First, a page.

One example of a method of fabricating the fabric F will be described below. In fabricating the fabric F, a flat base 1 as shown in FIG. 3 is used. On one surface of the base 1 stand detachably a number of pins 2 at given pitches, which regulate the arrangement of the yarns. With a support bar 3 disposed between the pins 2 on the base 1, the lines of the weft x, the lines of the warp z and the first and second bias yarns B1 and B2 are arranged, so as to run between the pins 2, and to be looped back, in engagement with those pins 2 which are located along the peripheral portion of the base 1. The weft layer, warp layer and bias-yarn layer are inter-laminated in order.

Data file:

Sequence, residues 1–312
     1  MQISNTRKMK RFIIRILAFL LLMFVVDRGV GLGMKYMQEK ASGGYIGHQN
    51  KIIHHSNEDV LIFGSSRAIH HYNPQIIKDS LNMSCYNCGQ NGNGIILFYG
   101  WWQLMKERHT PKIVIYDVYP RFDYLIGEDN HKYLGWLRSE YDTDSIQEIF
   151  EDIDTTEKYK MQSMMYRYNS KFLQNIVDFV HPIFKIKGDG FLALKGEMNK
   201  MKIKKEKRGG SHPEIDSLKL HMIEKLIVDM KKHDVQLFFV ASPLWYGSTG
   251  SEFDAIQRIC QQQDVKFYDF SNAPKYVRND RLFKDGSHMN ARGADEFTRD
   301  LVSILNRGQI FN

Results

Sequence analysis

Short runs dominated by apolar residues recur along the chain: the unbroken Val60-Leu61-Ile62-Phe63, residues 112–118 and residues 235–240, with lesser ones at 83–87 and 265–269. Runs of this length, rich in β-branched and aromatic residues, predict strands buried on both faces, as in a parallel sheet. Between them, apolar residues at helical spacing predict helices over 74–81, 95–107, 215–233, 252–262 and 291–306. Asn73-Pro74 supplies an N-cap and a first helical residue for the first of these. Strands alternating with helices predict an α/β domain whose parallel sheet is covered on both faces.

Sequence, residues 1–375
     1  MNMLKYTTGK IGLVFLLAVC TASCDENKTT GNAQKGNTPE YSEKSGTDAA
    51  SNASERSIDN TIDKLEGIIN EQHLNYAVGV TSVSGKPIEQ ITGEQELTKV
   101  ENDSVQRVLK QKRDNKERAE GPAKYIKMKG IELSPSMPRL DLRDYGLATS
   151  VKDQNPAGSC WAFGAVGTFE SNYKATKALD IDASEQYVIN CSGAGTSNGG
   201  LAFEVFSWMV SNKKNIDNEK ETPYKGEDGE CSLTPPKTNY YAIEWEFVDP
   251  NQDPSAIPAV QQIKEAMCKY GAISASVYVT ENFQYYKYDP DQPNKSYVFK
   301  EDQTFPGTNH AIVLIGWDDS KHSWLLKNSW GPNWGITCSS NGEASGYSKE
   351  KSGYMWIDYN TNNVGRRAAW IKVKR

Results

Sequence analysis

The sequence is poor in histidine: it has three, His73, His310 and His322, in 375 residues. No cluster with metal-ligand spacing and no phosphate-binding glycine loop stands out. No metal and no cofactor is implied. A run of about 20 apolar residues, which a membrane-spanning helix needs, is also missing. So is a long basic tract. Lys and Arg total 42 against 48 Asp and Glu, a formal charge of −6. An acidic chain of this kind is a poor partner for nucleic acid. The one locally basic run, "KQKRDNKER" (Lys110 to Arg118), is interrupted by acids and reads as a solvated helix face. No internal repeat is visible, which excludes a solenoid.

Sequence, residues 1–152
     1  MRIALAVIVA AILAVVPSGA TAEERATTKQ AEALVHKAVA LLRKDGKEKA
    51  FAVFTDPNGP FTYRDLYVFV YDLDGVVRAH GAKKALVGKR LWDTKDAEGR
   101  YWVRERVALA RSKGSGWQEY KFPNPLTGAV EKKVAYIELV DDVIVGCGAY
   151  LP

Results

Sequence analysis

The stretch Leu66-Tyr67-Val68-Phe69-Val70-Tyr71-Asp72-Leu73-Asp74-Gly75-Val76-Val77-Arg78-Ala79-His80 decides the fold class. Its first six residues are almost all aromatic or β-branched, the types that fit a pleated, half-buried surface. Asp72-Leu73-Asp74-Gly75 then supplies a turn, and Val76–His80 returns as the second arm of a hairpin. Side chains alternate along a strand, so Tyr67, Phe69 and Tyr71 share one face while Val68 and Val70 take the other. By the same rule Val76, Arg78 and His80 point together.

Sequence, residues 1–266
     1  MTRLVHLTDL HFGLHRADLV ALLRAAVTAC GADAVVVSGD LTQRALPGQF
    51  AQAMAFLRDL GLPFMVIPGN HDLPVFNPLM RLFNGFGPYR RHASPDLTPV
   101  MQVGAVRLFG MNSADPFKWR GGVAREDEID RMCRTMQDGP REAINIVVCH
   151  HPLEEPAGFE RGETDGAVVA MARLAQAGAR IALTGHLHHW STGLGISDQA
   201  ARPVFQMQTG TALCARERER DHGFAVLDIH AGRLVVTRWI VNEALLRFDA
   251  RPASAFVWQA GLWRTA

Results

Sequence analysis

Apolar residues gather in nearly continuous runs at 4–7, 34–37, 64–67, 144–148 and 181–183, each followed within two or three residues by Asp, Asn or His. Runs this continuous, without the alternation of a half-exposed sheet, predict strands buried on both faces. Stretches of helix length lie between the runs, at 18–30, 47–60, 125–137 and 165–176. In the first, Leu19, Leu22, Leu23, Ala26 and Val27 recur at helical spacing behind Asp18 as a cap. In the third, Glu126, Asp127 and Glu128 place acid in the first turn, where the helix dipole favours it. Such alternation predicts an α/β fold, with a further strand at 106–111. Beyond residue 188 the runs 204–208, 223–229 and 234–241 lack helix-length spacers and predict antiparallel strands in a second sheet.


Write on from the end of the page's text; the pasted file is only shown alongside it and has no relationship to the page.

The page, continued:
The lines of the warp z are arranged in parallel, in the lengthwise direction of the fabric, while being repeatedly looped back and forth around the pins 2 located at both ends of the base 1 in the lengthwise direction, as shown in FIG. 4. The lines of the weft x are arranged in parallel, in the width direction of the fabric, while being repeatedly looped back and forth around the pins 2 located at the right and left sides of the base 1, as shown in FIG. 5. The lines of the first bias yarn B1, which form the first layer of a pair of bias-yarn layers, are arranged at an angle of +45 with respect to the lengthwise direction of the fabric, while being repeatedly looped back and forth around the pins 2 located at the peripheral portion of the base 1, as shown in FIG. 6. The lines of the second bias yarn B2, which form the second layer of the pair, are arranged at an angle of -45 with respect to the lengthwise direction of the fabric, while being repeatedly looped back and forth around the pins 2 located at the peripheral portion of the base 1, as shown in FIG. 7.